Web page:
Monday, December 5, 2011

Morality Is As Morality Does

There are many who would claim a superior morality, owing to personal earnestness, religious certitude, and societal position. They feel it incumbent to tell the rest of us about our moral failings, to attempt to impress upon us their way of thought, as they see us incapable of making the "correct" choices for ourselves. They would, at every turn, attempt to harness us to the yolk of their faith, even though the bedrock principle of individual liberty upon which this nation is built and which is codified within our most sacrosanct document -- The Constitution of the United States -- says they cannot.

Morality is an artifice built of human mien; not a solid, load-bearing construction, but a more amorphous form, cobbled together from the vast swathes of human experience. A time comes at various intervals where the morality of society is tested, found wanting, and modified to excise those bits that no longer have relevance or were, in a new light, found to be barbaric, and to add new parts that modify or strengthen the remains, that we might all be brought closer together as a community without stripping away individuality.

Where morality fails us is when some choose to substitute their own judgement for that of society, attempting to bend the general welfare to their own ends.

Nowhere is that clearer in the arena of human relationships, physical, psychological, and religious. As human knowledge has expanded, as the breadth of human experience has increased, and as human society has unfolded into an even larger and more complex milieu, those belief systems that have thoroughly ritualized themselves and worked to maintain conformity in the face of change, continue to rail against that change, attempting to drag society backward into the folds of darker times.

We are no longer the primitive society composed of scattered tribes that wandered in search of food and shelter. We are no longer the collectives hiding from the lightning and thunder for fear it is the retribution of the gods. We are no longer the hungry masses, supplicating prostrate before idols, begging for rain. We are no longer the people who throw stones upon our fellows for their "transgressions." We are no longer the people who take the different and strange for signs of witchcraft and sorcery.

At least, we shouldn't be.

There is nothing wrong in seeking guidance, strength, and comfort in the assumption of religious belief and the pursuit of its teachings. But such pursuit of a bulwark against the vicissitudes of life must work within the strictures of a world that has passed by a great many of the premises upon which religions were formed. The world was in a far from known state until several ancient cultures began to posit more reasonable explanations for events in their environment. For the longest time, belief held sway over logic and reason. Slowly, inexorably, reason and logic began to move to the fore, leaving religious faith to continue its attempts to dominate human society in the face of the slow erosion of its power. The eternal verities, the unknown questions, the mysteries of life are falling before the lens of logical and reproducible investigation, and the ancient, sacred explanations for the workings of the cosmos no longer retain  the aura they once did, being superseded as they are, by rational, secular explanations.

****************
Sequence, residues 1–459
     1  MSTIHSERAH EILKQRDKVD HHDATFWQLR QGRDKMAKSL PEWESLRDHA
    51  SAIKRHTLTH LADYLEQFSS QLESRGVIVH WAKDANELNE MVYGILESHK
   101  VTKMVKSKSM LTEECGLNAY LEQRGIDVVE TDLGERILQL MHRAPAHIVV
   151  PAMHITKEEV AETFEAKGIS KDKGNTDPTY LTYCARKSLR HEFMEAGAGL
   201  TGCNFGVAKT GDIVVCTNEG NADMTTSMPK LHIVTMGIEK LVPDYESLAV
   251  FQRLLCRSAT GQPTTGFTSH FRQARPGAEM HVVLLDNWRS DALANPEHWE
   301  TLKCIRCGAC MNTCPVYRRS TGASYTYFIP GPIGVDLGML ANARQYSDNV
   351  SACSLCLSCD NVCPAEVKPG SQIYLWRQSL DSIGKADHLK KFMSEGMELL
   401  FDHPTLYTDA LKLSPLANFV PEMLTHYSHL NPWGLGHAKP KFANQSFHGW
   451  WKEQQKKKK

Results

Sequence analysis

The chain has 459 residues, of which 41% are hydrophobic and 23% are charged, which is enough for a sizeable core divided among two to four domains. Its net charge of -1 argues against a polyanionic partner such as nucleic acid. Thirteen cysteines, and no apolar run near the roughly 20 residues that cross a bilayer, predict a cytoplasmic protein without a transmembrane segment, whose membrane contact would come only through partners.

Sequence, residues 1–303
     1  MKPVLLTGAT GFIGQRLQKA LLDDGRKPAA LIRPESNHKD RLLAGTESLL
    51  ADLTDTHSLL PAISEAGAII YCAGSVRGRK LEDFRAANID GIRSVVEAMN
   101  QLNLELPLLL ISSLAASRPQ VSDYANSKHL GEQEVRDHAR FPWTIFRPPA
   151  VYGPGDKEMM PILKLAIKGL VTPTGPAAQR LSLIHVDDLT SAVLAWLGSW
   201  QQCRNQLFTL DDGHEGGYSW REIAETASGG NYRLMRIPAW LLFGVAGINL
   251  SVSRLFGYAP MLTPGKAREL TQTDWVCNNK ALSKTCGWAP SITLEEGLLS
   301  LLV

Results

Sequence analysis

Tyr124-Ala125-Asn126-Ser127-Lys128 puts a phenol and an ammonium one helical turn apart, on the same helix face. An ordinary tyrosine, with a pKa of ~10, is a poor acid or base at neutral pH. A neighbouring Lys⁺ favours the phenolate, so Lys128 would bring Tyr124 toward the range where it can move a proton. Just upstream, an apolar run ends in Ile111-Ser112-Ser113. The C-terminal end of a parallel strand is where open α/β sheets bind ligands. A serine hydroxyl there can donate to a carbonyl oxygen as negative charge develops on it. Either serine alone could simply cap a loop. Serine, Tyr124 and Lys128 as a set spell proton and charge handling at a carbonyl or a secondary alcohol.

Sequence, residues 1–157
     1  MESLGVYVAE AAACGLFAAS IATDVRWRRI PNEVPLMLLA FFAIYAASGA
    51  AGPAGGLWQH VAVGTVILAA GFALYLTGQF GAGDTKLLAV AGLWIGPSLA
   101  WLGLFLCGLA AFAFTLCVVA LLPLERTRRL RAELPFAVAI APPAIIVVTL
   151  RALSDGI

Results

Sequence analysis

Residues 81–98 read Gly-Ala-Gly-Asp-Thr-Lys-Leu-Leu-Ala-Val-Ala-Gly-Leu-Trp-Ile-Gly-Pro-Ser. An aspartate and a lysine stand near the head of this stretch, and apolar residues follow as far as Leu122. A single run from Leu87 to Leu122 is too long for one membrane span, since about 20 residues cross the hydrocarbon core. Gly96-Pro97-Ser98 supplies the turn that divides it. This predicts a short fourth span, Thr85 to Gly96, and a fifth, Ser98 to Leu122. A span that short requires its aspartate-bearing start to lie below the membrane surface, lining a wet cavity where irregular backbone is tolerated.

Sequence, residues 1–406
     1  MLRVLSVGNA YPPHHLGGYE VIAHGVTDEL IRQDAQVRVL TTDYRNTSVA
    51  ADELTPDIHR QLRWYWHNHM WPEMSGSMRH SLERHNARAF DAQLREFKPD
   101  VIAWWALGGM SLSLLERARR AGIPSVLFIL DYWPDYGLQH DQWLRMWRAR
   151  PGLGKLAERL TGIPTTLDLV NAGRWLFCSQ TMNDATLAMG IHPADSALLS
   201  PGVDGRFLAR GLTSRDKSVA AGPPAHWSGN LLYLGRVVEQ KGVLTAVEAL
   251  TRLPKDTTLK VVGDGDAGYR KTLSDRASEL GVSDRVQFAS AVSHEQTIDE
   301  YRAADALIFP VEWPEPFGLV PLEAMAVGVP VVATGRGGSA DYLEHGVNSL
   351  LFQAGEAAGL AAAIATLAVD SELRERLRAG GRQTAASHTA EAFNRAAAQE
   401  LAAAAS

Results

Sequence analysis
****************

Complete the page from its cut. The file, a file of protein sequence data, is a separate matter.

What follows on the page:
Rationality and the attendant shift to a more secular and free society chafes against the authority long assumed by many a church or religious organization. They see constant motion of humanity toward a more enlightened and less spiritually-laden future as a threat to their "moral" authority. They feel the need to take matters into their own hands, fighting against the secular wave and imploring their followers to resist the tide of change. In the end, their efforts will be for naught, but while the balance of humanity is still chained to the resistance of hypocritical moralists painting themselves as ultimate authority, we will continue to see a struggle for control of our nation and our world, and in this struggle, there will be far too many needless casualties.

Proof of exceptional morals is not simply a function of being part of a belief system; it is, in fact, a function of showing that you have applied critical reasoning to your beliefs and have gleaned from the body of a religious tradition those core tenets that allow you to have your faith and appreciate that not all other human beings will share that faith. To simply impose your view of the world based on your faith on all others, is tyranny, plain and simple, and anathema to those who walk in the bright light of freedom and liberty.

No one should denigrate those who hold contrary positions grounded in their faith, but nor should we back down in pushing the inconsistencies and hypocrisies inherent in their views back at them, not with malice, but with solid, unshakable reasoning. If people refuse to critically examine their faith, if they feel that no rational explanation supersedes its pronouncements, it they are recalcitrant when challenged, then it is clear they may be considered hopeless cases. That does not mean that everyone who falls under the same belief system is also to be written off. We must show the inherent superiority of reasonable discourse by not making assumptions, and by engaging each and every person in the same way. Along the way, despite stubborn resistance, we may yet free more minds from the chains of Medievalism. Eventually, when enough minds have been so freed, the scales will tip in favor of a human future based on thoughtful guidance and human duty, not blind obedience and false piety.

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